Mary has never known a world at peace. Revolution has been brewing longer than she can remember as the Jews grow increasingly discontent under the power of Rome and her representatives. And Mary knows she has been asked to be the mother of their deliverer.

Like many a young unwed mother, Mary travels to spend time with relatives out of town. Maybe she was trying to get away from gossiping neighbors, or her family’s disappointment and struggles to believe her story – “So an angel told you God was going to make you pregnant????” Whatever she faced at home, it couldn’t have been easy.

But when she arrives at her cousin Elizabeth’s, she doesn’t even have to tell them her story. The miracle baby Elizabeth herself is carrying after decades of barrenness leaps in her womb, and Elizabeth knows: “Blessed are you among women, and blessed is the child you will bear! But why am I so favored, that the mother of my Lord should come to me? As soon as the sound of your greeting reached my ears, the baby in my womb leaped for joy.”

And Mary responded with a song of relief and rejoicing. Her song of praise – her “Magnificat” – expresses far more than her sense of honor at being chosen by God:

“God has brought down the powerful from their thrones,” she sings,

“and lifted up the lowly;

he has filled the hungry with good things,

and sent the rich away empty.”

Mary is singing a song of revolution, a song of reversals, of God turning the way things are on their head!

The powerful will be cast down, and those without power raised up. The hungry will be satisfied, and the wealthy will go hungry. As John, “the voice crying out in the wilderness,” will proclaim, “Every valley shall be lifted up, and every mountain made low.” The prophet Isaiah provided those words, and these:

God will “provide for those who mourn in Zion– to give them a garland instead of ashes, the oil of gladness instead of mourning, the mantle of praise instead of a faint spirit.”

In Mary’s song and John’s prophetic work, God’s kingdom is proclaimed as a kingdom that turns the way things are upside down!

Mary knew, and we know, that doesn’t happen peacefully. The powerful are rather attached to their thrones and not inclined to give them up without a fight. And the rich protect their wealth and security. We don’t want to give up the power, influence, and resources we have. We fight to protect them. But…

The valleys will be lifted up and the mountains laid low.

The powerful will be cast down and the powerless raised up.

The poor will be filled and the rich will go hungry.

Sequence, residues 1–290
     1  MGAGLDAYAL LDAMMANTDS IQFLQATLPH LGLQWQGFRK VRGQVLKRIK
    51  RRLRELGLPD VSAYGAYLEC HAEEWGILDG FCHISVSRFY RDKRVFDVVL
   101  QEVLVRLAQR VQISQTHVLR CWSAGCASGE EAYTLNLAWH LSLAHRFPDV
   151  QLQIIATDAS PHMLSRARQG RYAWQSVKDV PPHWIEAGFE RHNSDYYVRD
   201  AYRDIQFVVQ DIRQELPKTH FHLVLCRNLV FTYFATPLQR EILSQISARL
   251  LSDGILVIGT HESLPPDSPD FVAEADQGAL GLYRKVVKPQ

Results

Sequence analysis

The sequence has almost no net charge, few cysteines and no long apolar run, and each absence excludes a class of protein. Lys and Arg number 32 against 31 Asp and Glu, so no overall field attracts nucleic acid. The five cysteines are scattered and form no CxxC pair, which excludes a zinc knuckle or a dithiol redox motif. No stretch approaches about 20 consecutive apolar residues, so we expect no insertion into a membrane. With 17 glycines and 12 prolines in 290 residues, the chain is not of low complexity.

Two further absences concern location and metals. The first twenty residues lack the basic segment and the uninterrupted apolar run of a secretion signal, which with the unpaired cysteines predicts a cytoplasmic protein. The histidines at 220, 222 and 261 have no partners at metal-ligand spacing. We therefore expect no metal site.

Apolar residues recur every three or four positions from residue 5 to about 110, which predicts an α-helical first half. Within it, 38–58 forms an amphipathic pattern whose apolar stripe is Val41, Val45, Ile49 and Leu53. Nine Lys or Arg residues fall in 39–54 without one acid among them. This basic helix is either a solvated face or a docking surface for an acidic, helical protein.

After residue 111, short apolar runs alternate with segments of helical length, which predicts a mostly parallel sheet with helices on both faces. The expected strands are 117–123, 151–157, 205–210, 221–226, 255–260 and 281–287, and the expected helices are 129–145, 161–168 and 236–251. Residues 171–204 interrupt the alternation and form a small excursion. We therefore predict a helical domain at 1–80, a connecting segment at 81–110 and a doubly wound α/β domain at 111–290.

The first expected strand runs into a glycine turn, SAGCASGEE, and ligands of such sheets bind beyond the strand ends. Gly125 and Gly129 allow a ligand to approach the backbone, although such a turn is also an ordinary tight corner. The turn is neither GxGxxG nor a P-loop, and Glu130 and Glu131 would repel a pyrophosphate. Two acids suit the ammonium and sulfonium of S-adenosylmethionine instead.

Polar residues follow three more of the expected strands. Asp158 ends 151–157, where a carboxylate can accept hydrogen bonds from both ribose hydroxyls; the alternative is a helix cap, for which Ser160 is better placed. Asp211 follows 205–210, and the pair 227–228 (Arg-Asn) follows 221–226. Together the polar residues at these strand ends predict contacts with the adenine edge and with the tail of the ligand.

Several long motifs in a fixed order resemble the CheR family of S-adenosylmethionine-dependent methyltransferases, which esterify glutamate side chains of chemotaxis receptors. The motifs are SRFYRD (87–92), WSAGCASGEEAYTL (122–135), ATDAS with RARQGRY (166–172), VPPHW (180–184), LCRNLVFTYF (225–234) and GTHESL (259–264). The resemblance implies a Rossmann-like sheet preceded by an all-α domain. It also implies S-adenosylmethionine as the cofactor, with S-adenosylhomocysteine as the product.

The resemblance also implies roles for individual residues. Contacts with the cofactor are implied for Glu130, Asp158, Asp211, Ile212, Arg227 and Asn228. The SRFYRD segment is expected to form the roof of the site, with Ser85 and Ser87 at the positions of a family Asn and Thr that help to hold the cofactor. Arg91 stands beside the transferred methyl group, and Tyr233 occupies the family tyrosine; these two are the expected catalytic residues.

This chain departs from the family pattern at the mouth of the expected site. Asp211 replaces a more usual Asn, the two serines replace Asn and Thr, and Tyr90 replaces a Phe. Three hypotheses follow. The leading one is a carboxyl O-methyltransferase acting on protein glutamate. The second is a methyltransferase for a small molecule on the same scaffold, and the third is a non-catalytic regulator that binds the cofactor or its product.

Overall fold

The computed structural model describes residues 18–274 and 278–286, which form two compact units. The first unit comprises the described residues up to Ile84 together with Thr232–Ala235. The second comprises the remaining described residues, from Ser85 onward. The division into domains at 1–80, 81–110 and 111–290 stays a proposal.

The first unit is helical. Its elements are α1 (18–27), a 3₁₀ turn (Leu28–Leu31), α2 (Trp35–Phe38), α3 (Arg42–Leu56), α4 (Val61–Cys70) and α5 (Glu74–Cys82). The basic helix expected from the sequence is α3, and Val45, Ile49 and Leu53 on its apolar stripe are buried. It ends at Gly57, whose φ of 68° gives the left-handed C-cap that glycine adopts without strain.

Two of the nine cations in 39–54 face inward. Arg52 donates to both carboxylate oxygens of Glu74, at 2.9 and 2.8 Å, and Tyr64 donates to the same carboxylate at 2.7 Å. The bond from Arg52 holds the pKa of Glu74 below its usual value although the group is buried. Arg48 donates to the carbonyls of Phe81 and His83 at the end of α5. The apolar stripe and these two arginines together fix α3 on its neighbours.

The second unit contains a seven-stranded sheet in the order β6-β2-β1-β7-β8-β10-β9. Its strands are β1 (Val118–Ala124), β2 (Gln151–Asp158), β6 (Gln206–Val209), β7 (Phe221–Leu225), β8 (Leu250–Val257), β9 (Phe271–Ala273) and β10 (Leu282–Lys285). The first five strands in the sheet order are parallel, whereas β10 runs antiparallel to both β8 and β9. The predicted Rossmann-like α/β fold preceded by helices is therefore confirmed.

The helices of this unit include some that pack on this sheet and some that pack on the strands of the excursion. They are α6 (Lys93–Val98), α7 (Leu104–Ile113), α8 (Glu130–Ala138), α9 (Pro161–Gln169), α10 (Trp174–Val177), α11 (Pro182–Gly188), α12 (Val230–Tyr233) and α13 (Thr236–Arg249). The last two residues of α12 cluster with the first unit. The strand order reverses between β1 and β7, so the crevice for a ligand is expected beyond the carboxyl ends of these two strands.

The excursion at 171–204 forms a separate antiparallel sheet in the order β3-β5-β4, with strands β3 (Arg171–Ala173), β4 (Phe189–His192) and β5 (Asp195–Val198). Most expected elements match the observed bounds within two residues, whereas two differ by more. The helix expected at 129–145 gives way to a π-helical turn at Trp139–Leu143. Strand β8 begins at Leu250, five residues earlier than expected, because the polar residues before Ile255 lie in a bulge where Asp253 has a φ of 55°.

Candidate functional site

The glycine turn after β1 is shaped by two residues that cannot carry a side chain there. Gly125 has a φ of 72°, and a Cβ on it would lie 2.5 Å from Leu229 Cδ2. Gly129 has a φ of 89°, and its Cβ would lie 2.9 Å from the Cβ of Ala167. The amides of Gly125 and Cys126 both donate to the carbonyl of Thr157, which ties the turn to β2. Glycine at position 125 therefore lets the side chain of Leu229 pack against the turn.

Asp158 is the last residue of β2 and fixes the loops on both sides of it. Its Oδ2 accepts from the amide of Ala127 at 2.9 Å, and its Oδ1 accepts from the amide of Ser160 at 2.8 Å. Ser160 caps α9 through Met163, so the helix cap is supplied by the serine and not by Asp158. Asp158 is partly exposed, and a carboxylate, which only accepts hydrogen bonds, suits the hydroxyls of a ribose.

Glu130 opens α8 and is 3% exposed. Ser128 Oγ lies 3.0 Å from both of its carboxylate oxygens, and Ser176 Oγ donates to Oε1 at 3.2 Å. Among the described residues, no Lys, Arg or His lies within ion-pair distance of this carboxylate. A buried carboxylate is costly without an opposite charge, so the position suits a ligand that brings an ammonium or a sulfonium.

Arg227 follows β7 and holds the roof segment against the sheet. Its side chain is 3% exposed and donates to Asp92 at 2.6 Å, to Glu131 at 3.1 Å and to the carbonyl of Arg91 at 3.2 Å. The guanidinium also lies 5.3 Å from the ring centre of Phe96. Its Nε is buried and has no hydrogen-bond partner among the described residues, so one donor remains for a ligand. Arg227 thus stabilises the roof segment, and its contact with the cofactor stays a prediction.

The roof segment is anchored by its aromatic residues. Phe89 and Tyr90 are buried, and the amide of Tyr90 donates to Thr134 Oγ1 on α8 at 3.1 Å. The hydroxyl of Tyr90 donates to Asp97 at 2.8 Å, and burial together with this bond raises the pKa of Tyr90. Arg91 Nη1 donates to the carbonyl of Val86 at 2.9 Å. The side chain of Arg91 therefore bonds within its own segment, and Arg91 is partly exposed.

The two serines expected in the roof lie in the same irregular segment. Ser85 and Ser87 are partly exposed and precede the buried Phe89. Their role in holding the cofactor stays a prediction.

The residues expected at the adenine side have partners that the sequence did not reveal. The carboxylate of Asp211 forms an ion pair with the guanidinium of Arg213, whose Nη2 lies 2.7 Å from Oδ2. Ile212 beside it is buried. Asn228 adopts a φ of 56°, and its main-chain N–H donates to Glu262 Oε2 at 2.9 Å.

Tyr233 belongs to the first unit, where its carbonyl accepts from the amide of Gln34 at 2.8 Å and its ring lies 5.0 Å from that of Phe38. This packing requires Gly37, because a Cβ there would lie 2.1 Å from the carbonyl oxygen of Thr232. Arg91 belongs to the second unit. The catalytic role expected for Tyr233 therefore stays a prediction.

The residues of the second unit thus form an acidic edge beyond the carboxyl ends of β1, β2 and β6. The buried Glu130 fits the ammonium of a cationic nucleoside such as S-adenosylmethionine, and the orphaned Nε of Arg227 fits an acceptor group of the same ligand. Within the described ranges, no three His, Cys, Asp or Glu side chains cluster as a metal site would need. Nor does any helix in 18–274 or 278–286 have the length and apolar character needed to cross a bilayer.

When you hear those things, does your heart flinch a little in fear? Mine does. As much as I want to think I’m on Jesus and Mary’s side in this, I’m afraid of all I have to lose when the world turns upside down.

The Holy Spirit’s job is to “comfort the afflicted and afflict the comfortable.” I heard that a lot growing up in church. The thing is, I don’t think anybody neatly fits into either category most of the time.

I was talking to a friend recently who, after being well-off most of his life, really struggles to make ends meet these days. He works at Trader Joe’s, and told me recently about a young couple who came through his check-out line. They were clearly wealthy – he recognized designer clothes and tastefully expensive jewelry. But they were quietly arguing and she was trying to hide tears. “Sure, they have money,” he said, “but they’re suffering in ways I know nothing about, and I’ve never known anyone who isn’t.”

I think he’s right. Most of the time, each of us are comfortable in ways and truly afflicted in other ways. We have a good job, but our marriage is struggling. Our kids are doing great, but our parents are suffering. And if we have a season when everything is going well, an illness comes, or an unexpected death, and suddenly our lives are turned upside down.

We’re all going to need comforting – and Jesus came for that. He brings good news to the oppressed, binds up the brokenhearted, gives the oil of gladness instead of mourning.

But that flinch of fear in my heart, that clinch in my stomach, when I hear that God is in the business of turning the way things are on their head. That feeling? That tells us where we’re comfortable. Where we feel threatened by God’s work in the world.

Don’t shuffle that feeling off to the side. Don’t try to silence it with justifications. Sit with it this Advent and Christmas. Listen to it. Let it make us uncomfortable. Let it show us how we can best join in God’s business of turning the way the world works on its head.

Recognize the power you have and use it on behalf of those who don’t have; or better yet, share it with them. Share the wealth and resources you have with those who don’t have much. Choose to let the heart of God turn your world upside down.

In agreeing to be the mother of Jesus, Mary put her heart and body on the front lines of her people’s fight to overthrow the power of the Roman Empire and turn their world upside down, and God had even more in mind for her son than she knew. Mary had a choice – she could’ve turned away. She could have protected her reputation and the possibility of a normal, uneventful life.

But Mary said yes to God and his plan to turn the way the world is on its head, whatever it cost her. What will we say?

Who Raises Up the Despised?

Who Raises Up the Despised?

(A sermon, on Genesis 29:15-28 and Matthew 13:31-33, 44-45. Audio is available here.)

Jacob, he loved Rachel,
And Rachel, she loved him,
And Leah was just there
For dramatic effect.